AP FACT CHECK: Trump’s hype on migrants, illegal immigration

WASHINGTON | President Donald Trump is spreading misleading rhetoric about the nature of Central American migrants heading to the U.S. border and grossly inflating the number of immigrants living in the U.S. illegally.

In a speech Thursday, he suggested without evidence that the migrant caravans are full of hardened criminals; in fact, they are mostly poor people with few belongings who are fleeing gang violence.

In stressing that his administration will not allow a “catch and release” policy, Trump also claimed this week that 25 million to 30 million immigrants now live in the country illegally because previous administrations had “released” immigrants in the U.S. after they had been caught crossing the border as they awaited immigration hearings.

President Donald Trump arrives at the White House in Washington, Wednesday, Oct. 31, 2018, from a campaign rally in Fort Myers, Fla. (AP Photo/Manuel Balce Ceneta)

He’s wrong. Independent estimates put the number of people in the U.S. illegally at less than half that amount.

A look at his various claims on immigration:

TRUMP: “At this very moment, large well-organized caravans of migrants are marching towards our southern border. Some people call it an invasion. …These are tough people in many cases; a lot of young men, strong men and a lot of men that maybe we don’t want in our country. …This isn’t an innocent group of people. It’s a large number of people that are tough. They have injured, they have attacked.” — immigration speech Thursday.

THE FACTS: He suggests without evidence that people in the caravans are, by and large, dangerous, hardened criminals.

The migrants in the caravans are mostly from Honduras, where it started, as well as El Salvador and Guatemala. Overall, they are poor, carrying the belongings that fit into a knapsack and fleeing gang violence or poverty.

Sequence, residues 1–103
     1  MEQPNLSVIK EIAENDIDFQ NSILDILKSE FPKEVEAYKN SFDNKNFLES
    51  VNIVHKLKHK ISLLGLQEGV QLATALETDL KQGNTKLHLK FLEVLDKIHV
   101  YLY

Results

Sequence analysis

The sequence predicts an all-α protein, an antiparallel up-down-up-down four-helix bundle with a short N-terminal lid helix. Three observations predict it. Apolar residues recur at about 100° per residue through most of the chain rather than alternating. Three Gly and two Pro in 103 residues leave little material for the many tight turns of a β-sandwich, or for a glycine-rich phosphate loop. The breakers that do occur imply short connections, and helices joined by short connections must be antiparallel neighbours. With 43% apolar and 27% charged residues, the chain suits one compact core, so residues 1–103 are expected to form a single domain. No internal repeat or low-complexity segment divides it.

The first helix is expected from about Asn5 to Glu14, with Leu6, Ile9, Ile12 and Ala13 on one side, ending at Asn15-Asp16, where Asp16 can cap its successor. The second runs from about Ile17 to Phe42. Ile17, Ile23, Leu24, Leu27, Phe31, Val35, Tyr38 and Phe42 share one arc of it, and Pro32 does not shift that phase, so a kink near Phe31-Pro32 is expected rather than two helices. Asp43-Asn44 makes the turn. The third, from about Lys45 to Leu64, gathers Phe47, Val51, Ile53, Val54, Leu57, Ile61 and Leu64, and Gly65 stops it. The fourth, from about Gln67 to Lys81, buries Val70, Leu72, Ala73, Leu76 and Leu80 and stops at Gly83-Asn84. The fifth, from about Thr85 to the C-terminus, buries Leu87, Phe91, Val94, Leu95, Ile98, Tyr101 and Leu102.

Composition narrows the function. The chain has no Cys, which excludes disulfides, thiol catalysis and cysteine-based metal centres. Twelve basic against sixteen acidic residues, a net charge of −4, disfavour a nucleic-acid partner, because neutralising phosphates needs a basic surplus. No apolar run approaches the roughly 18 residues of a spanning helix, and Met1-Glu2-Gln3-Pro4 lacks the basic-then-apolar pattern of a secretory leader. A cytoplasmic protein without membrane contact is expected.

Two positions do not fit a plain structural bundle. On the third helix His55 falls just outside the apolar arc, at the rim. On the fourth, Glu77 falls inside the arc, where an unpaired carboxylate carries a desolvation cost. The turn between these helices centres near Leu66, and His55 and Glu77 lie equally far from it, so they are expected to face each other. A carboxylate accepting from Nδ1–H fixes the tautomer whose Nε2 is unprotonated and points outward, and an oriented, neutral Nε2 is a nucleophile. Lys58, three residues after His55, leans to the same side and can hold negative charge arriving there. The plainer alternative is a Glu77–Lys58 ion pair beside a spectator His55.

It might be true there are some criminals mixed in with the throngs, given the sheer number of migrants. Trump did not substantiate his claim that members of the MS-13 gang, in particular, are among them.

Some migrants in one of the caravans clashed with Mexican police at the Mexico-Guatemala border, hurling stones and other objects as they tried to cross the international bridge. One migrant died; it’s not clear how it happened. Caravan leaders said they had expelled a number of troublemakers from the procession, exhibiting some self-policing. Ultimately, most entered Guatemala — and later, Mexico — by illegally bypassing immigration checkpoints.

The caravan otherwise has been overwhelmingly peaceful, receiving applause and donated food from residents of the towns they pass. Mexican police have not tried again to stop them.

The Department of Homeland Security issued a fact sheet stating that “over 270 individuals along the caravan route have criminal histories, including known gang membership.” But it did not specify how it had arrived at that number.

TRUMP: “President Obama separated the children from parents and nobody complained. When we continued the exact same law, the country went crazy.” — immigration speech Thursday.

THE FACTS: Actually, President Barack Obama did not do the same thing as a matter of policy.

While it’s true the underlying laws were the same, the Trump administration mandated anyone caught crossing the border illegally was to be criminally prosecuted. That policy meant adults were taken to court for criminal proceedings, and their children were separated and sent into the care of the Health and Human Services Department, which is tasked with caring for unaccompanied migrant children. The so-called zero tolerance policy remains in effect, but Trump signed an executive order June 20 that stopped separations.

Jeh Johnson, Obama’s homeland security secretary, recently told NPR there may have been unusual or emergency circumstances when children were taken from parents, but there was no such policy.

TRUMP: “Asylum is not a program for those living in poverty.” — speech Thursday.

THE FACTS: He’s largely right. Poverty may play a role in the complex decision process granting asylum, but the status is reserved for people who have a justifiable fear of persecution in their own country based on factors such as their race, religion or political views. According to the Homeland Security Department, about 20 percent of claimants are granted asylum. Currently, there is a backlog of about 700,000 cases, and it can take years for claims to get resolved.

TRUMP: “We’re not doing releases. What’s been happening over years is they would come in, release them, and they would never show up for their trial. And we now have 25 or 30 million people in this country illegally, because of what’s been happening over many years.” — remarks Wednesday to reporters.

THE FACTS: It’s nowhere close to 25 million to 30 million, nor has the number increased much in recent years.

The nonpartisan Pew Research Center estimates there were about 11.3 million immigrants in the U.S. illegally in 2016, the most recent data available. That number is basically unchanged from 2009.

The number of such immigrants had reached a height of 12.2 million in 2007, representing about 4 percent of the U.S. population, before declining due in part to a weakening U.S. economy.

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